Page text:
The Canadian Constitution Foundation is proud to announce that it will be intervening in Toronto (City) v. Ontario (Attorney General). The appeal, which will be heard June 10th and 11th, raises the question of whether participating in a municipal election, either as a candidate or as a voter, is protected as “expressive activity” under s. 2(b) of the Charter.

The CCF will argue that the Constitution’s framers chose to protect participation in federal and provincial, but not municipal, elections in s. 3 of the Charter, and that this choice must inform the proper interpretation of s. 2(b). One Charter guarantee cannot legitimately be used as a vehicle to cloak in constitutional protection that which another Charter guarantee has expressly excluded. Courts must be attentive to the internal limits of Charter rights, and not simply rely on the limitations clause (s. 1) to leave it up to judges to decide subjectively, in every case, whether the government has overstepped. This requires a consistent, disciplined approach to constitutional interpretation. Such an approach was lacking in this case, the CCF will argue, and the Court of Appeal will say so.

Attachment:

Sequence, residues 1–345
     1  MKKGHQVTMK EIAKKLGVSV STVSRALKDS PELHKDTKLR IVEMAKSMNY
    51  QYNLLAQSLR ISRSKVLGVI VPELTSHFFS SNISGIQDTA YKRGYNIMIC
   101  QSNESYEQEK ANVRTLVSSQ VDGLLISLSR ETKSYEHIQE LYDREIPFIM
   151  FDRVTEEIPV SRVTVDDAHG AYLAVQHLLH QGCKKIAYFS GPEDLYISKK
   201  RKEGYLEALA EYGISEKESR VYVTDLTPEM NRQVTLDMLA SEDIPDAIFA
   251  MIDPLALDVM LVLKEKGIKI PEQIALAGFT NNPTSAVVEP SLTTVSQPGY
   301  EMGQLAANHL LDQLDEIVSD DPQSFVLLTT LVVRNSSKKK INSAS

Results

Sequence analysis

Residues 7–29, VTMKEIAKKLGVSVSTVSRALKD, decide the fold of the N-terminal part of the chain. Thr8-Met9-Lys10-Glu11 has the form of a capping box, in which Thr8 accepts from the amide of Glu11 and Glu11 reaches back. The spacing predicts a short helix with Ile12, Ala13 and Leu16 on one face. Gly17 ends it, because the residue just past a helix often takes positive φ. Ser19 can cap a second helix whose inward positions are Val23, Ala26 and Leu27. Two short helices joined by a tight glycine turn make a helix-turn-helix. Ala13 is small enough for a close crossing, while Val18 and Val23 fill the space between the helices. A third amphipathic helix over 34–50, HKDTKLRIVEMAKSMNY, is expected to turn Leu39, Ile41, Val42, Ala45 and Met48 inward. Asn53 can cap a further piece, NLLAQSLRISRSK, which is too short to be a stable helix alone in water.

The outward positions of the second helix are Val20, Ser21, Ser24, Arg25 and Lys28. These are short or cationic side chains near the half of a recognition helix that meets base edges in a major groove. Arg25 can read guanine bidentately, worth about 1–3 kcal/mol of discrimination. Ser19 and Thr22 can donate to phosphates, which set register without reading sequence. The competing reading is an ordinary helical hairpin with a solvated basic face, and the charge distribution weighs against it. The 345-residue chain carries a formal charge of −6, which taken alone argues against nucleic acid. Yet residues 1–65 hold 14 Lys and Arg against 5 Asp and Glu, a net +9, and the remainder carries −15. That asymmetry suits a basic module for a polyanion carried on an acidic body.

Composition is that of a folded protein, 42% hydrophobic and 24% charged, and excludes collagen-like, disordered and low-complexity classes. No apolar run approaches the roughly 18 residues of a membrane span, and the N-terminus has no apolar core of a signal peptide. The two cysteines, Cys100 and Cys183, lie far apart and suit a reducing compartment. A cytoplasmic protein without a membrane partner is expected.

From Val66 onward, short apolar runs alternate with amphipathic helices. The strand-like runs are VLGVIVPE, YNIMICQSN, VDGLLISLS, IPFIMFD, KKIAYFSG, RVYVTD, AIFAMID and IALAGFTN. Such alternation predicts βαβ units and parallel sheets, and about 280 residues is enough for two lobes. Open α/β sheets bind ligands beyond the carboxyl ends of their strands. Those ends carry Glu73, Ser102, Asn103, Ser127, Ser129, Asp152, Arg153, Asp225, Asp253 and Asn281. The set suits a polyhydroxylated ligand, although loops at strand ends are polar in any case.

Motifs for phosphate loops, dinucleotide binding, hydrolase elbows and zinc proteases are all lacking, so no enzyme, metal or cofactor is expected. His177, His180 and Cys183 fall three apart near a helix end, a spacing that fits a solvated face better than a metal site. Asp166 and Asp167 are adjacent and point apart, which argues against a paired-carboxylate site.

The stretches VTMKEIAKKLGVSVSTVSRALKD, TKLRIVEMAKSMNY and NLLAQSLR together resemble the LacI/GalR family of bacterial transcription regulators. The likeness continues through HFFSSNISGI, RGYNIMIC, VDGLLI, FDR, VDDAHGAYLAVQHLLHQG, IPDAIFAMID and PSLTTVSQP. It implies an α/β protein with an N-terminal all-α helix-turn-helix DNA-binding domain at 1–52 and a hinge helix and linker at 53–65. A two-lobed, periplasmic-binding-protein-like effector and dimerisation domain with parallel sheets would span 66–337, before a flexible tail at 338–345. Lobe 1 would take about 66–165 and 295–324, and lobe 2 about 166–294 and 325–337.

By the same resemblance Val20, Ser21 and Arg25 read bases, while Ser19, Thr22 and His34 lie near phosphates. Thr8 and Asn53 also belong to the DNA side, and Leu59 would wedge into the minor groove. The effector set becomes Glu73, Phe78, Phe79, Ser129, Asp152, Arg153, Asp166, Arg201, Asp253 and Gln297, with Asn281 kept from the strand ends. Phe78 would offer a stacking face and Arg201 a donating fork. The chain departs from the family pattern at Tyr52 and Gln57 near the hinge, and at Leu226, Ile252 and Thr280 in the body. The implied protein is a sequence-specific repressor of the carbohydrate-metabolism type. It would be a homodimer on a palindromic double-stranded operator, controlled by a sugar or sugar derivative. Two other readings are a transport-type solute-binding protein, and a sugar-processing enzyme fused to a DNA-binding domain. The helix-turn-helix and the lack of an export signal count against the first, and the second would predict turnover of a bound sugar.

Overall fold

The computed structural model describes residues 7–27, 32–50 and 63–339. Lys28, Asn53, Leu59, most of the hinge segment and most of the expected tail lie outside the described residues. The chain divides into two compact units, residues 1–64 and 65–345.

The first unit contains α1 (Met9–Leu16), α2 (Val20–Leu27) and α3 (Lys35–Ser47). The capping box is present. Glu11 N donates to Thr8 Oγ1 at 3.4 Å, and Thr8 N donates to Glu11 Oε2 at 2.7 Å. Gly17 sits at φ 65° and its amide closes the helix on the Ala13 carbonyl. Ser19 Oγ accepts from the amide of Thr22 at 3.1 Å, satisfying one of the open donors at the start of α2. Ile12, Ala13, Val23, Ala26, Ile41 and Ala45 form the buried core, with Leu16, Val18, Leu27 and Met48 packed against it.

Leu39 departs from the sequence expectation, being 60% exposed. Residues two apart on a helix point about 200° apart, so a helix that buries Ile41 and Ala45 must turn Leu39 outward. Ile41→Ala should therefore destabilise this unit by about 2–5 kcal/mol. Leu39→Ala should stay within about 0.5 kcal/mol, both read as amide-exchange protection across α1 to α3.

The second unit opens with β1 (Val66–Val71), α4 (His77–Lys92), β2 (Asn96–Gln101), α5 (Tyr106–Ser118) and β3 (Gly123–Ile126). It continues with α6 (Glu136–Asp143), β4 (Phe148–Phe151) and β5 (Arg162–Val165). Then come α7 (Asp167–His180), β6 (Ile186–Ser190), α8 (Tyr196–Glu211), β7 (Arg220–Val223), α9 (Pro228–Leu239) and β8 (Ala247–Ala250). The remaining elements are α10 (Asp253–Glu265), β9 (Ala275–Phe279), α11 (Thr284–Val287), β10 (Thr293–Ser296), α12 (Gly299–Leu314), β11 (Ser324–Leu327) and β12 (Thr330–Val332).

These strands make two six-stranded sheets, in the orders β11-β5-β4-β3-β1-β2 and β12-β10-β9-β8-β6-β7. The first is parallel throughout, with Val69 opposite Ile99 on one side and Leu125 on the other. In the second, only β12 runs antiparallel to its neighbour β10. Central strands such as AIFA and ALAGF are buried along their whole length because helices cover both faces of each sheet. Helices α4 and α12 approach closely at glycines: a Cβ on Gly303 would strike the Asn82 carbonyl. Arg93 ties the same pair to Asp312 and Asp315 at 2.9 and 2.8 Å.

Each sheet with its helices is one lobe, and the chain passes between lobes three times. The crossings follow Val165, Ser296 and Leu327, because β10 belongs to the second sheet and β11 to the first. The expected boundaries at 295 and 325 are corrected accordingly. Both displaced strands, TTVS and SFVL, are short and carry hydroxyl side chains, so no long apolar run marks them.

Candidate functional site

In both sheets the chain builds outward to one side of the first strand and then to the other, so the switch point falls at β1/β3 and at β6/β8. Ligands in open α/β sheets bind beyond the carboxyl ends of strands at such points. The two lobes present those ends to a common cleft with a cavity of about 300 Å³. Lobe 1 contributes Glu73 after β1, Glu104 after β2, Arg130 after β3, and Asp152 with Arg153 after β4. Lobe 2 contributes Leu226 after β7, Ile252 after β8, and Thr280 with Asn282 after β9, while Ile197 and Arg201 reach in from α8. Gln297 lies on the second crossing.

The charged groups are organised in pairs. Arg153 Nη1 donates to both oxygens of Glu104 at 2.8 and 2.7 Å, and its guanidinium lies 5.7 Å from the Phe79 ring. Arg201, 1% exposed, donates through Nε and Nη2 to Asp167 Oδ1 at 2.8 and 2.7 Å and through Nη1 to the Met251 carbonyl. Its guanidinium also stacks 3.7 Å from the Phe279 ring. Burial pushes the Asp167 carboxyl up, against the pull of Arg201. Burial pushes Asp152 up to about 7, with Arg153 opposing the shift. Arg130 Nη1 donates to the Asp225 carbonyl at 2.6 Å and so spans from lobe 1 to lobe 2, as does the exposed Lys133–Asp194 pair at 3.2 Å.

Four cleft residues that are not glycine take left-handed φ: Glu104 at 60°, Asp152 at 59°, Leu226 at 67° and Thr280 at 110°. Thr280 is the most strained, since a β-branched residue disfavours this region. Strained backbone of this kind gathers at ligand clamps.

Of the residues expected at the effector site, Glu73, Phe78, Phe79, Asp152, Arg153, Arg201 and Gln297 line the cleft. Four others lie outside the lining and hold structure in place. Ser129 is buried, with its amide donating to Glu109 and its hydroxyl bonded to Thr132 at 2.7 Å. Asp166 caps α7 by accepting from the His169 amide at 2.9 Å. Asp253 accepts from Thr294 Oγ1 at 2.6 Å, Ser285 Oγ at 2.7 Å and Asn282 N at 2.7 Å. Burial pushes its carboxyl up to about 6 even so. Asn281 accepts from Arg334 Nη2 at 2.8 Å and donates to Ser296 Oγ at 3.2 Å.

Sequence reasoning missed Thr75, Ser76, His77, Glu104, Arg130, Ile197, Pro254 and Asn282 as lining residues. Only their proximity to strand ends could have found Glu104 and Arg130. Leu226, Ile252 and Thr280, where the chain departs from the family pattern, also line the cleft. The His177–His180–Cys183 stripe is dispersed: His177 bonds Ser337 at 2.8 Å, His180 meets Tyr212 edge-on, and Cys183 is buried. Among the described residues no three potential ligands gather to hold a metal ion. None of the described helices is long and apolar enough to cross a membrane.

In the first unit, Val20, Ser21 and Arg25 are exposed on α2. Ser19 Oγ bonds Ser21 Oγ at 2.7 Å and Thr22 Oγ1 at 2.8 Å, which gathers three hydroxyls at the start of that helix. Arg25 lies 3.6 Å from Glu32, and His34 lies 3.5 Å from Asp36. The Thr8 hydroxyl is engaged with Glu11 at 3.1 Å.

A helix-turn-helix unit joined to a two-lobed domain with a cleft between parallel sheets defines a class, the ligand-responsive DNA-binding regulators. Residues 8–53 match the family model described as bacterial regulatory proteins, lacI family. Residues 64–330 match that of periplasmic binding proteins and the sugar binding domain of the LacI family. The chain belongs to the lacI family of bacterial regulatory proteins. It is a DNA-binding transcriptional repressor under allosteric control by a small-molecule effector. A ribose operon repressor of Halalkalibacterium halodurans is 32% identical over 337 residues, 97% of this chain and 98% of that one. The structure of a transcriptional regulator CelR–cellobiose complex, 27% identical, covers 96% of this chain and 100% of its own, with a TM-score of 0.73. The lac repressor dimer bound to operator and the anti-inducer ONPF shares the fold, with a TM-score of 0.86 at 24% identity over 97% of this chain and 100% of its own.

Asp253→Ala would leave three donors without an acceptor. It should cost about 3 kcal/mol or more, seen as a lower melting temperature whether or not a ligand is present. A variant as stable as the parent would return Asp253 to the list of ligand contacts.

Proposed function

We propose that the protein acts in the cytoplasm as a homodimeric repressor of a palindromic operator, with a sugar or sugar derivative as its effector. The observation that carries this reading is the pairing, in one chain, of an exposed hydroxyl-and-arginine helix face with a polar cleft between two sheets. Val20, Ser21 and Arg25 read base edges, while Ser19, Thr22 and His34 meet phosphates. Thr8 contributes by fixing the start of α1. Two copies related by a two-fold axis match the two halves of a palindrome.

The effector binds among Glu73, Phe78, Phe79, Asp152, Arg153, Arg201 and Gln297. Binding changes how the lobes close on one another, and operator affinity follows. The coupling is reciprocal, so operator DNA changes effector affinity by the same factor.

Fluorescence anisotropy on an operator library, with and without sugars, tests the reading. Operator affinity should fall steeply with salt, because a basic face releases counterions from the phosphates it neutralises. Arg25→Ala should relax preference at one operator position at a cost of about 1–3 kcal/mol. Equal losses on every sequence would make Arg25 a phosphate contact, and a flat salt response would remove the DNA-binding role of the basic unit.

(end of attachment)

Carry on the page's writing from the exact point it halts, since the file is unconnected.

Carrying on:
Read our full release on this intervention here.

Decision: Ontario Court of Appeal decides correctly in Toronto municipal elections case

Supreme Court Decision: VICTORY: Supreme Court relies on CCF arguments in Toronto City Council case

Image by Brad Saunders and used under CC 2.0.